Nesbitt Memorial Library Journal, Volume 4, Number 1, January, 1994 Page: 12
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Nesbitt Memorial Library Journal
that district, and to form a regiment of national militia, over
which for the present he must be chief, with the rank of
lieutenant-colonel: all of which you will make known to the
inhabitants of said district, in order that they may recognize the
said Austin, invested with said powers, and obey whatever he
may order relative to the public service of the country, the
preservation of good order, and the defence of the nation to
which they belong.
"And I transcribe it to you for your information and strict
compliance on your part; notifying you that on Saturday, the 9th
instant, you will collect as many of the inhabitants of the district
under your charge as you can at the house of Sylvanus
Castleman, that I may communicate to them the superior orders
with which I am charged, and that the said Don Stephen F.
Austin may be recognized by the civil and military authorities
dependent on him and by the new colonists who are under his
"God preserve you many years.
"El Baron de Bastrop
"At Castleman's, August 5, 1823."
In that year Dewees married a daughter of Leander Beason. They built a home here and
were soon joined by other families. That year is given as the foundation of Columbus.
With the exception of the interim from March 'until May in 1836, during and following
the military operations of General Houston and Santa Anna this place has been the site
of continuous white habitation.
How Zumwalt reached the conclusion that Dewees married in 1823 is
a mystery. Dewees' "letter" dated December 1, 1823 implies that he
was not yet married (see Letters From an Early Settler of Texas, page 43,
wherein Dewees includes himself among "a few of us boys who have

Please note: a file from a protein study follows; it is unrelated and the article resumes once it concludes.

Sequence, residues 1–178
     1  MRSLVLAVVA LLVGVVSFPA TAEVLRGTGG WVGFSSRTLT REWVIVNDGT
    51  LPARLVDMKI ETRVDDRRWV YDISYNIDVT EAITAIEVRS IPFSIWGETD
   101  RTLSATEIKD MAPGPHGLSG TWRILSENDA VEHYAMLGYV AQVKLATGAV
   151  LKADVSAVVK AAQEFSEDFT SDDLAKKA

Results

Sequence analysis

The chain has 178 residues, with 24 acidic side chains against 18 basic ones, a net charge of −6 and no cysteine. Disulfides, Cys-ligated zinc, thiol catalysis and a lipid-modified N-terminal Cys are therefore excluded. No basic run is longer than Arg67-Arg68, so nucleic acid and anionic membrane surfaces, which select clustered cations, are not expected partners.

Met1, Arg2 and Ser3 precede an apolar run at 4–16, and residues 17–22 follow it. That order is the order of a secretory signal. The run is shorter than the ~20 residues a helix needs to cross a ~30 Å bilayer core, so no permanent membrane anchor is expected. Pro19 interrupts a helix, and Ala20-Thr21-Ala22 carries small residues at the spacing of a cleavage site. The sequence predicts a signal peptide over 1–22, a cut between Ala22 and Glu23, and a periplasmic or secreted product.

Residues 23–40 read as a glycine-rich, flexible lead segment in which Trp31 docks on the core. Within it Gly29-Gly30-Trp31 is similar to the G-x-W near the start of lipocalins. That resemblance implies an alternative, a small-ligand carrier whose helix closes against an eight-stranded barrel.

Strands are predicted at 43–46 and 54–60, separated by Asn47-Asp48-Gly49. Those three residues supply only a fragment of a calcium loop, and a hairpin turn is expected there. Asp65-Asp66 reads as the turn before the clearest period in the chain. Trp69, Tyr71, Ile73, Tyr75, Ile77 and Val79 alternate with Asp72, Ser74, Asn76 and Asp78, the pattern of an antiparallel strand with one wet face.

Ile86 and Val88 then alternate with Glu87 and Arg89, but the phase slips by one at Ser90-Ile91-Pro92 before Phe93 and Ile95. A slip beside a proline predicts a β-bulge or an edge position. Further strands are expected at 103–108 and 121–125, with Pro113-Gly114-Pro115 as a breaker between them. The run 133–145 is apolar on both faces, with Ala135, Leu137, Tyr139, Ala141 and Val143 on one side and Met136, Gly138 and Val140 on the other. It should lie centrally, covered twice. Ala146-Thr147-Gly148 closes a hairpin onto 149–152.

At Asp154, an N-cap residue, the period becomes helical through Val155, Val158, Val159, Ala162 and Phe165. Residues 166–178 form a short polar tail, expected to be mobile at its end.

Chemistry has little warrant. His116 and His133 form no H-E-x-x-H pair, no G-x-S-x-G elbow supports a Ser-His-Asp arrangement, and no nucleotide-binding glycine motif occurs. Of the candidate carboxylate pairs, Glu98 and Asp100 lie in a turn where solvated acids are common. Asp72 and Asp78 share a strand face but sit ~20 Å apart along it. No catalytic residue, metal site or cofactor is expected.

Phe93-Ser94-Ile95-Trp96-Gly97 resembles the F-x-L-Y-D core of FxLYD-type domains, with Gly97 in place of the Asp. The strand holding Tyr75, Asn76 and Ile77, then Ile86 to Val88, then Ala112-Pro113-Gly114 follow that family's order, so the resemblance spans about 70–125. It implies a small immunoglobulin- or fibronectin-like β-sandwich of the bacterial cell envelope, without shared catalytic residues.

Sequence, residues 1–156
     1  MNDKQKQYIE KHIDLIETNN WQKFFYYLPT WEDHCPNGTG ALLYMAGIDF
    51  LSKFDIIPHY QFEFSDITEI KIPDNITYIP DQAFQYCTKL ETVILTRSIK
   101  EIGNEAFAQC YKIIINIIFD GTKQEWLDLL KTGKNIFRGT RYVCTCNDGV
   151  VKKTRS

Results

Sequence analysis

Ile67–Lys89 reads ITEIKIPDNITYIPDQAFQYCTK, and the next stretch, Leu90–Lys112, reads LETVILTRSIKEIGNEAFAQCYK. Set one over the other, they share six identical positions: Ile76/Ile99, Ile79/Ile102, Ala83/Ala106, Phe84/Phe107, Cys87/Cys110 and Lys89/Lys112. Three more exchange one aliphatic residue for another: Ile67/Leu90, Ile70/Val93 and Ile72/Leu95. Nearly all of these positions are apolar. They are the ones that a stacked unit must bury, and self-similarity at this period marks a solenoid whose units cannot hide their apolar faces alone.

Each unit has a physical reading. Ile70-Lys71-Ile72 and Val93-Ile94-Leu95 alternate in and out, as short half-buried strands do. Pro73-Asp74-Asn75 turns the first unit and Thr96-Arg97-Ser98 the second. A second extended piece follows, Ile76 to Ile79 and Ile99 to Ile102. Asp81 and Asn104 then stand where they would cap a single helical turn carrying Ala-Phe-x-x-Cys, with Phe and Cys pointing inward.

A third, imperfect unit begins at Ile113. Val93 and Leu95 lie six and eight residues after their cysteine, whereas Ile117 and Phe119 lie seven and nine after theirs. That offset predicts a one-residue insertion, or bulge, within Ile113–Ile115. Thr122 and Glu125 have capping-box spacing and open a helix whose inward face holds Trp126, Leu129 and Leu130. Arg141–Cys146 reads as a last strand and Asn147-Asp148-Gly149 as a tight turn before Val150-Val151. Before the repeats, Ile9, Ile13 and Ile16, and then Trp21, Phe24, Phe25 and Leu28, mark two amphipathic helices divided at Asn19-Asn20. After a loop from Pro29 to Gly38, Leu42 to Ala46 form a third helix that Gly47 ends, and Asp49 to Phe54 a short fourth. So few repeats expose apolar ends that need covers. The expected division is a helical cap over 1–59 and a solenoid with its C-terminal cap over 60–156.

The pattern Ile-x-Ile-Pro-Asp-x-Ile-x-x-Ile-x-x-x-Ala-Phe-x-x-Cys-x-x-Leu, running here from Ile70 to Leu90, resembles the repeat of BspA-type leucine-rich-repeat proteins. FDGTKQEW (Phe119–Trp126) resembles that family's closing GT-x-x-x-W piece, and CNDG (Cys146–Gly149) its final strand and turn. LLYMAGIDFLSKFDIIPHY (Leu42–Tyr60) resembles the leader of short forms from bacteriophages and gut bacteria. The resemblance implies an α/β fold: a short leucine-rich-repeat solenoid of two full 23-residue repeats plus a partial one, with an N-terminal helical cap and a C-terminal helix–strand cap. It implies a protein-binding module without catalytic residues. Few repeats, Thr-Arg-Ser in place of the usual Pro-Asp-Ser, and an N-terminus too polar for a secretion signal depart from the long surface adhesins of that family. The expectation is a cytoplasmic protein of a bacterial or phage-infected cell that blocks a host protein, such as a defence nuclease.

no families" and "those of us who have no families of our own"), as does
that dated November 5, 1824 (see Letters From an Early Settler of Texas,
pages 49-50, wherein Dewees counts himself fortunate that Austin
allowed single men to "locate ourselves together as families" and
thereby acquire larger land grants). He mentions a wife for the first time
in his "letter" dated January 2, 1830 (see Letters From an Early Settler
of Texas, page 119).
Dewees' first wife, Lydia G., was apparently the daughter of
Benjamin Beeson rather than of Leander Beeson. Leander Beeson was
Lydia's brother. Benjamin Beeson's probate file contains a document
that calls for the division of the estate between Lydia Dewees, Abel
Beeson, Leander Beeson, Mary Ann Beeson, and the two children of
Nepsey Berry (see Probate File 1, Office of the County Clerk, Colorado
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Nesbitt Memorial Library. Nesbitt Memorial Library Journal, Volume 4, Number 1, January, 1994, periodical, January 1994; Columbus, Texas. (texashistory.unt.edu/ark:/67531/metapth151390/m1/12/?q=nesbitt%20memorial%20library%20journal: accessed October 19, 2017), University of North Texas Libraries, The Portal to Texas History, texashistory.unt.edu; crediting Nesbitt Memorial Library.